Photo Gallery: Stephen makes a pilgrimage to the Duga site

Many thanks to SWLing Post contributor Stephen Cooper who shares photos from his recent visit to the Duga Soviet Union era over-the-horizon (OTH) radar system near Chernobyl.

The following photo gallery contains images of the antenna, control room, training room and server room. Click on the thumbnails below to enlarge images and browse:

What an amazing site, Stephen! Thank you for sharing your photo tour with us.

Readers: Stephen is also an application developer and the kind fellow behind Shortwave.am, Interval Signal Ringtones for Android, and the Shortwave Radio Schedules app. Check them out!

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9 thoughts on “Photo Gallery: Stephen makes a pilgrimage to the Duga site

  1. Edward

    Did you bring a portable SW for an impromptu DXexpedition. Just a coax and alligator clips probably would do it

    Reply
  2. Jake Brodsky, AB3A

    It never occurred to me as a teenager trying to work stations while my receiver was getting hammered by the woodpecker, to marvel at the sheer size and power of this incredible site.

    That antenna array is still amazing even after all these years. Thanks for the pictures.

    Reply
  3. Adam KJ7GKX

    This thing is a monster. I heard it often growing up – I’m glad I never saw pictures of it until now because if I knew what it took to make a signal this big, I may have given up on radio!

    Reply
  4. 13dka

    Wow! I never thought I’d get to see some of the innards of that site! The pics are impressive! Having suffered the woodpecker when it was still active, I’ve always been fascinated by that monster when we got to know what it actually was and where it is. BTW, someone created an X-Plane scenery of Pripyat, with a sound plug-in playing the Duga sound (among others) when you get close to the array. Not quite the same as actually being in “the zone” but still kind of creepy. 🙂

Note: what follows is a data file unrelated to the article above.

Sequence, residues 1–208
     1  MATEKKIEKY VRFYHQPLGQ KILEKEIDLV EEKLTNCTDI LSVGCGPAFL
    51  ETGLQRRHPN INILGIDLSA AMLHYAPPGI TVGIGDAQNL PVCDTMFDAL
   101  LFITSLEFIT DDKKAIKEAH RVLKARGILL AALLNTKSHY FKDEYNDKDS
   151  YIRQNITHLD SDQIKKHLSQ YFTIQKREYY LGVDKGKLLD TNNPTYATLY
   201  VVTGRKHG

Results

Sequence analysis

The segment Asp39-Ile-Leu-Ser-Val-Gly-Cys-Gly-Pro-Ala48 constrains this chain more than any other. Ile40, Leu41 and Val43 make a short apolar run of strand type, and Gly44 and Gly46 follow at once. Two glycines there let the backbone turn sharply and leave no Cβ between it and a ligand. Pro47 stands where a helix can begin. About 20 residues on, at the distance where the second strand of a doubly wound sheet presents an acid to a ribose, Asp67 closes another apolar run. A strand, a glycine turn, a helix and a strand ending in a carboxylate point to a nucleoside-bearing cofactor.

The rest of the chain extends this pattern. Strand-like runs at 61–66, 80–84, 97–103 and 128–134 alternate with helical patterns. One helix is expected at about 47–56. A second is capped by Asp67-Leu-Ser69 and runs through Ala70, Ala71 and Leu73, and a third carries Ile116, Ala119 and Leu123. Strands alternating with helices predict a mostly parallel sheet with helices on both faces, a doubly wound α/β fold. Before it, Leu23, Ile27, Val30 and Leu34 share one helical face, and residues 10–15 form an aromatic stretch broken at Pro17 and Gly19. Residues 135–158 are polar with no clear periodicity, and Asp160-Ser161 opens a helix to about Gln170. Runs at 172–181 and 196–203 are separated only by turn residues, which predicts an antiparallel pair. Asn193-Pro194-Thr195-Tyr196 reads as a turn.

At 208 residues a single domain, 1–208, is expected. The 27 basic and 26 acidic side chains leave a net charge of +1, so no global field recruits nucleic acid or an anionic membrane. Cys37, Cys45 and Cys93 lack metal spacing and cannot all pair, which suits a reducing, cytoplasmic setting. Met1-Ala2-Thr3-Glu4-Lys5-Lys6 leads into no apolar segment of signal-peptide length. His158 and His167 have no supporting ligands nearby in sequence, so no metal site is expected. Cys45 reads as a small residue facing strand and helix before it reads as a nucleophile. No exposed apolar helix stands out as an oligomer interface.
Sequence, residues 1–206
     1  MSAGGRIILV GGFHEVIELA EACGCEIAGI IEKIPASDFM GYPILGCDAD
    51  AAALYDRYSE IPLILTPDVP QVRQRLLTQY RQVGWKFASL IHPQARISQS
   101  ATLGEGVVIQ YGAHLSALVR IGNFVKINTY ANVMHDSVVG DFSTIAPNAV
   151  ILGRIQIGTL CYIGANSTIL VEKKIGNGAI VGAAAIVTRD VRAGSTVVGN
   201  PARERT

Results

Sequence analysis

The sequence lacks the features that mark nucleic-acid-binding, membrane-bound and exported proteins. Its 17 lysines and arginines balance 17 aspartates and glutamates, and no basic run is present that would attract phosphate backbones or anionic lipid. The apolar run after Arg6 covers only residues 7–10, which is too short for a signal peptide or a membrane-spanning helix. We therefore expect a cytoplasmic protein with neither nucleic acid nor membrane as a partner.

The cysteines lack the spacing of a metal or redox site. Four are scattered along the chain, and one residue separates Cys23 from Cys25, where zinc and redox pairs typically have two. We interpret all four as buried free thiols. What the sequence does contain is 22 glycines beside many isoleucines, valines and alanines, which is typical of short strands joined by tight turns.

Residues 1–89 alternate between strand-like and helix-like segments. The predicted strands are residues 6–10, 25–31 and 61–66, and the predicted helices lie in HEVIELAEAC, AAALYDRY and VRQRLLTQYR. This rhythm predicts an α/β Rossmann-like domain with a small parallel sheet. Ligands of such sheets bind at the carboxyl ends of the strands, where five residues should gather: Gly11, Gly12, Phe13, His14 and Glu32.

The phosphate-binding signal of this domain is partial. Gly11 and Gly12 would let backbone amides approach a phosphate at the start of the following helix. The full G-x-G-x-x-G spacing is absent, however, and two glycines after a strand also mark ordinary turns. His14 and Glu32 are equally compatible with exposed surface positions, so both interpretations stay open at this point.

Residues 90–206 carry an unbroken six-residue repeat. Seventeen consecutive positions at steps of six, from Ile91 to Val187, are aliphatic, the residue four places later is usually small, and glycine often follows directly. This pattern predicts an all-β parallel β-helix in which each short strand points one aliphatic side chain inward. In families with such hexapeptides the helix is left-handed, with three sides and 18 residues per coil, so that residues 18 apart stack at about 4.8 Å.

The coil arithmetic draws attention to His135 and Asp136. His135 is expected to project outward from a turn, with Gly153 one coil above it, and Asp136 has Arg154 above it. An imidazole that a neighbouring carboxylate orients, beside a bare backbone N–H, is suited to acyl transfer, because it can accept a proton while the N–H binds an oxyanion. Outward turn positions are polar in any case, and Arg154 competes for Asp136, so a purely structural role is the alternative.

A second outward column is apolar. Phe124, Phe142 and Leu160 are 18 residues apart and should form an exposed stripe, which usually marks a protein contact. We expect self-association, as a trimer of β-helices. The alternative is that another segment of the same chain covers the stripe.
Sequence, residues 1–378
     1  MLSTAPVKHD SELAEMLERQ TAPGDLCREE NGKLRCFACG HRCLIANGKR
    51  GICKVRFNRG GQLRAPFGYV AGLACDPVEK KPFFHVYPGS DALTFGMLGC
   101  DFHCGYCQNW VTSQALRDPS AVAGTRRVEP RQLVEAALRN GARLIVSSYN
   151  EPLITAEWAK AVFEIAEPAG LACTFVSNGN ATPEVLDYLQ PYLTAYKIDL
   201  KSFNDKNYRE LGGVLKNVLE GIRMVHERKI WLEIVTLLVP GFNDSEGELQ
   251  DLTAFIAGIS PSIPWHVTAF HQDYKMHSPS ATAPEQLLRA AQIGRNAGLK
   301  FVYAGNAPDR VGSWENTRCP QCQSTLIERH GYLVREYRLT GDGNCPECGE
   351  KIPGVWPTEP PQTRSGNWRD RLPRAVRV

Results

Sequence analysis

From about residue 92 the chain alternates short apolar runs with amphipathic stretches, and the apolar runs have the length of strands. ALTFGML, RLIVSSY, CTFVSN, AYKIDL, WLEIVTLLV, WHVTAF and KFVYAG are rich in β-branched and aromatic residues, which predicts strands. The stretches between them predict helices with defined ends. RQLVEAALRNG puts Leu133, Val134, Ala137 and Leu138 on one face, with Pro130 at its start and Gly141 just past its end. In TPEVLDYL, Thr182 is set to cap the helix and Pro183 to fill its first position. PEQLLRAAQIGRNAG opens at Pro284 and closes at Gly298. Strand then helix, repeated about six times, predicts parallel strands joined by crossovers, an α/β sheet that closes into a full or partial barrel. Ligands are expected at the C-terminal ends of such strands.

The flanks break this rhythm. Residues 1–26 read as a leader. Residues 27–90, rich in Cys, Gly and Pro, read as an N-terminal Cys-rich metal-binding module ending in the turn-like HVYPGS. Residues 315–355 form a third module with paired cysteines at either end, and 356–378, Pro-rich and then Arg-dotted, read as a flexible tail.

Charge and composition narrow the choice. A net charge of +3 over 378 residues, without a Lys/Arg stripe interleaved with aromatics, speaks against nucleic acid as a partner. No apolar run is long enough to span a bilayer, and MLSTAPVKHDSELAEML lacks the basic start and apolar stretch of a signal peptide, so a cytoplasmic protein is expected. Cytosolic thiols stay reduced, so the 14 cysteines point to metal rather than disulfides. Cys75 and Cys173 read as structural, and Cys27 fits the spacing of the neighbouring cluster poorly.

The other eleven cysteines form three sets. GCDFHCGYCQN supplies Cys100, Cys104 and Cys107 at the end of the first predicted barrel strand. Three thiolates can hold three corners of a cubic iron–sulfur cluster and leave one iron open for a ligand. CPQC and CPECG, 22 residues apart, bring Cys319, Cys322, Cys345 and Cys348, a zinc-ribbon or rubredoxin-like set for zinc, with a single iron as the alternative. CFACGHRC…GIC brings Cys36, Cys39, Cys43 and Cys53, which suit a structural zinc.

https://www.youtube.com/watch?v=o7wCQGWhe6o

    (Fast forward to 2:15 to see and hear the virtual Duga)

    Reply
    1. 13dka

      BTW, there seems to be some confusion about the numbering of the Duga stations, German and English WP are both calling the Ukraine site “Duga-1”, while “Duga-2” is the Siberian station, the prototype Duga didn’t have a number and there was no “Duga-3” (like some recordings of the woodpecker are titled, or the video above calls it).

      Reply
      1. Thomas Post author

        Yes—it is confusing. In fact, Stephen is now questioning the exact number of this site. I noticed a number of media outlets simply refer to it as “Duga” so I’m going to remove the number designator until I can confirm.

        What an amazing site, though! They really took up that mantra of “Go big or go home!” 🙂

        T

        Reply
    2. Mark Fahey

      Wot! Another flight simmer hear at the SWLing Post! I only listen to the radio when I’m not flying! It’s my first love! Designing and publishing flight sim code and scenery paid for my house!

      Reply
  5. Pingback: Photo Gallery: Stephen makes a pilgrimage to the Duga-2 site – dxradio.de

  6. Jan Evensen

    That radar station was a nightmare for radio operators around the world, blocking almost all shortwave wave bands when it was running.
    We used to call it the Kiev-transmitter.

    Reply

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